Twitter has a new business strategy — become TV — and on Tuesday, when the company reports Q2 earnings, it will have a chance to pitch that new business strategy to its most vocal and important critic: Wall Street.
For the past month or so, Twitter has been scooping up digital streaming rights from anyone who will hand them over — that includes deals with the NBA, Bloomberg, CBS and MLB Advanced Media, just to name a few.
Those deals, in aggregate, have quickly made Twitter a kind of 21st century digital TV network, a place where you may one day watch live video programming for sports and politics and entertainment just like you do on pay television today. The big difference is that instead of paying Comcast or Dish to watch these shows on your big screen at home, you watch over the internet, on Twitter, for free.
The question is whether or not this approach will help Twitter boost its user numbers. Or make more advertising revenue. And the answer to those questions will likely determine how long Twitter stays an independent company, or, and probably more likely at this point, who will buy it and for how much.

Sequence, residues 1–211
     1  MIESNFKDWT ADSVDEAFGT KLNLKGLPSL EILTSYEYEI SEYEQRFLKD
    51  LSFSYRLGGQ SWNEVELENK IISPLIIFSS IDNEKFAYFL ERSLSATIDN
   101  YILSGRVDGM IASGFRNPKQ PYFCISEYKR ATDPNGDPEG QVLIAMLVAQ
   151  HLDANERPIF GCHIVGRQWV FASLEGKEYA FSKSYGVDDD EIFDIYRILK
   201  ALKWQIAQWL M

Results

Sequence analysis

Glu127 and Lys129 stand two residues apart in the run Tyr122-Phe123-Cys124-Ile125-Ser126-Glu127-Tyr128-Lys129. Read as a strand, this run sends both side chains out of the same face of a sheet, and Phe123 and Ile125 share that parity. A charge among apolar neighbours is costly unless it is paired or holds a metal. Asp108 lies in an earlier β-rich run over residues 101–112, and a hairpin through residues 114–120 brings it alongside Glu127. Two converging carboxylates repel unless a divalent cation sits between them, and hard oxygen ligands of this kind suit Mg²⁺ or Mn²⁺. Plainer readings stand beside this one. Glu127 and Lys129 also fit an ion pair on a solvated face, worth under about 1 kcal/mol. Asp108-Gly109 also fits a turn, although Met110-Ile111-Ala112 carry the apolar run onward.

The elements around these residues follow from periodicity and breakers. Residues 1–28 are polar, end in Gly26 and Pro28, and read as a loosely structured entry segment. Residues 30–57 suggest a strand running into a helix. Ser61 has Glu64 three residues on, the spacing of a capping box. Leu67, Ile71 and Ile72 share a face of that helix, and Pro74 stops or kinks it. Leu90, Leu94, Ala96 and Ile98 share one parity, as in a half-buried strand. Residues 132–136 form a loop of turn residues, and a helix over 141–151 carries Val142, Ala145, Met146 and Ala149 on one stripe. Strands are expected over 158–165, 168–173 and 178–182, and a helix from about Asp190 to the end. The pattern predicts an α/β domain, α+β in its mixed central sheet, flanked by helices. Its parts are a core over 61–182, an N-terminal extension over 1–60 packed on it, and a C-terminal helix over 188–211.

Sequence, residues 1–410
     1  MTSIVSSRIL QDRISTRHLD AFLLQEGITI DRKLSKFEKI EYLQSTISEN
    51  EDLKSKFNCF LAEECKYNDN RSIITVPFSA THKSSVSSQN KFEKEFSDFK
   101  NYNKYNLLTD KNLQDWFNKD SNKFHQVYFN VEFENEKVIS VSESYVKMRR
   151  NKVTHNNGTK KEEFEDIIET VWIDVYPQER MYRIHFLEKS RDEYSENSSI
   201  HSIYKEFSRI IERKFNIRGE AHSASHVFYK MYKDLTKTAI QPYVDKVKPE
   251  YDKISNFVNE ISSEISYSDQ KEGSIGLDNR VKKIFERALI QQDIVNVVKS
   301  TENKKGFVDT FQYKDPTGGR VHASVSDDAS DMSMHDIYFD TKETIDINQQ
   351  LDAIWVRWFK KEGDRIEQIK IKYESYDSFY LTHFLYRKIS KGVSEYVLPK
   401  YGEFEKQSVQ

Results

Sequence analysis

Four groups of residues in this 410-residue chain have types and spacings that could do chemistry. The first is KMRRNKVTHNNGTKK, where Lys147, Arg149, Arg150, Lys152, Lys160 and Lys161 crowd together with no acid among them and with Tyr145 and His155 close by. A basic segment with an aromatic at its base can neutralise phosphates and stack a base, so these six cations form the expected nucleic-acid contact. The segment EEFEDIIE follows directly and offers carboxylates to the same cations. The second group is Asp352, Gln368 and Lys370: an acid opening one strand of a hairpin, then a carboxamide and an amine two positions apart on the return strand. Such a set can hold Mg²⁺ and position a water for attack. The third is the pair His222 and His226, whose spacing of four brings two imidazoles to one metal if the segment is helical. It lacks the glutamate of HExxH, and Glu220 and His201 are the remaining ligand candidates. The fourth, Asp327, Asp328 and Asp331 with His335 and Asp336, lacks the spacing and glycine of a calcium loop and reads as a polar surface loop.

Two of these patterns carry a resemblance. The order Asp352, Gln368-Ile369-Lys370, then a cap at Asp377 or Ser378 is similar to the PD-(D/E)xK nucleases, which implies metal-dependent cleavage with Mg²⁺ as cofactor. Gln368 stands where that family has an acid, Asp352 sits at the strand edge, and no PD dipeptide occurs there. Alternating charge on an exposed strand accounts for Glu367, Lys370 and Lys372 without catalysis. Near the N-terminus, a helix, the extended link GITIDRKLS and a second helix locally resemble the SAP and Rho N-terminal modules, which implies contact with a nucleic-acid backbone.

Tuesday will be the first time since Twitter announced a streaming deal with the NFL back in April that we’ll get a chance to hear its top executives explain why this plan will work. And the idea might take some selling.
That’s because becoming TV is hard. The most obvious challenge is getting content people will actually watch. Streaming rights are expensive, especially for the kinds of shows Twitter wants, like live sports. Very little of what Twitter has secured so far is must-see television, and some of it is made-for-Twitter television, which means we have absolutely no idea if it will be entertaining.
The second challenge will be convincing advertisers to hand over money for a product we haven’t really seen yet. The company seems to be having success selling ads against some NFL games it will stream later this fall, but the NFL is easy to sell. Will it be able to sell ads alongside a Twitter-only NBA pregame show? Or random college sports streams from the Pac-12? We don’t really know.
And we probably won’t really know for a few more quarters. But Tuesday is Twitter’s chance to convince people this new approach can actually work.
The earnings are set to drop just after market close on Tuesday. Analysts are looking for profit of 10 cents per share on revenue of roughly $607 million for the quarter, according to Yahoo Finance. That’s on the high end of the company’s Q2 guidance, and would represent a 21 percent increase over the same quarter last year.
Twitter’s user growth is expected to be modest (and has been basically nonexistent for the past few quarters). RBC Capital’s Mark Mahaney expects the company to add one million new users on the quarter, jumping to 311 million in total. Scott Devitt at Stifel is projecting three million new users.
This article originally appeared on Recode.net.